Walter Aaron Clark is Distinguished Professor of Musicology and the founder/director of the Center for Iberian and Latin American Music at the University of California, Riverside. His books include Isaac Albéniz: Portrait of a Romanticand Enrique Granados: Poet of the Piano. In 2016, King Felipe VI of Spain made him a Knight Commander of the Order of Isabel the Catholic. He recently answered some questions about his newest book Los Romeros: Royal Family of the Spanish Guitar.


Q: Your biography, Los Romeros, is the first major study in English of Celedonio Romero and his family, often called the “Royal Family of the Spanish Guitar.” Why did you think it was important for you to tell their story?

It’s important because that story is both fascinating and instructive.  When we see highly accomplished performers on stage, in formal attire, impressing the audience with their virtuosity, and receiving standing ovations, it all seems very glamorous and charmed.  What we don’t see is the superhuman amount of hard work that went into making that sonata look so easy to play—and the nerves one had to overcome to perform it in front of an audience.  We also don’t see the long and perilous road that a family like the Romeros had to travel just to survive, much less thrive.  We can derive a lot of inspiration from reading about fellow human beings who have overcome daunting obstacles to achieve something truly great and lasting.  The beauty they bring into our world makes it a more bearable place to pass a few decades!

Q: How did you come to know the Romeros personally?

I fell in love with Spanish guitar when I was 14 and growing up in Minneapolis, Minnesota.  After many academic detours, I wound up getting a Bachelor of Music degree in classical guitar performance at the University of North Carolina School of the Performing Arts in 1975.  A fellow student there was from Los Angeles, and he kept telling me about the Romeros, how phenomenal they were and what a great teacher Pepe Romero was in particular.  So, in 1976, I made the pilgrimage to Southern California to take some lessons with Pepe.  Yep, he was everything my friend said he was.  Eventually I was able to study with Pepe and his brother Celin at UC San Diego, where I completed a Master of Arts degree in 1984.  We have remained close friends since that time, and the rest is, as they say, history!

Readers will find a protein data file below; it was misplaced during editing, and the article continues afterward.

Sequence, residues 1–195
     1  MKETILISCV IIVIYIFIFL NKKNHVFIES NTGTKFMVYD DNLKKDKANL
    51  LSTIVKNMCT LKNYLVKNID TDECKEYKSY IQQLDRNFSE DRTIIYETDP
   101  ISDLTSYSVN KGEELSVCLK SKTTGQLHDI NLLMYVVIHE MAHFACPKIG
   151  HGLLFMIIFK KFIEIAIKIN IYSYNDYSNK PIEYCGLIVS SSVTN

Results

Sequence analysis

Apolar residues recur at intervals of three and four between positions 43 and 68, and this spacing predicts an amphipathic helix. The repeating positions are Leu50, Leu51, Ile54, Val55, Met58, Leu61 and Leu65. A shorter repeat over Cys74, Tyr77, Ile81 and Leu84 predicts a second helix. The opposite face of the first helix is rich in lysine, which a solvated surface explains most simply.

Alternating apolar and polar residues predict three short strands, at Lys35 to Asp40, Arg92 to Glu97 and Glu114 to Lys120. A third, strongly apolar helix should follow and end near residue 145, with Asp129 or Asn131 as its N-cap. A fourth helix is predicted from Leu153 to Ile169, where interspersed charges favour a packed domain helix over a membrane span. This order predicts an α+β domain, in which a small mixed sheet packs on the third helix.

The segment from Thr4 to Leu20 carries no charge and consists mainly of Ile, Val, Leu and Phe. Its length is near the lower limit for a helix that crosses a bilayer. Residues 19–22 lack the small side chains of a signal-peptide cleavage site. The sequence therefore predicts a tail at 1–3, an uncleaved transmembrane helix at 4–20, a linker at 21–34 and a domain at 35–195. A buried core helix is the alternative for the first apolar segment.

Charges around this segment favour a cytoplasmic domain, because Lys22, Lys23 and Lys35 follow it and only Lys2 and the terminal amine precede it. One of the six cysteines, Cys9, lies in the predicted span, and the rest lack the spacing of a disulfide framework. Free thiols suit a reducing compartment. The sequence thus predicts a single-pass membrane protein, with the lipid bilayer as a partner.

Q: What difficulties did the family have to overcome in bringing the classical Spanish guitar to the United States?

Before the Romeros arrived in 1957, Americans were already somewhat familiar with the classical guitar as a result of Andrés Segovia’s tours here.  But the Romeros had their own unique style, and it quickly caught on, especially in the novel format of a guitar quartet.  In order to make their great leap across the Atlantic, though, they had to clear many hurdles, diplomatic, political, logistical, and financial.  Frankly, they could never have done it without the assistance of an American couple from Santa Barbara who befriended them while vacationing in Málaga during the early 1950s.  Farrington and Evelyn Stoddard provided the connections and sponsorship the Romeros needed in order to leave Spain, where Celedonio’s career had hit a glass ceiling.  The U.S. beckoned as a land of limitless opportunity and as a refreshing change from Franco’s dictatorship.  For over sixty years now, they have flourished here beyond their wildest dreams!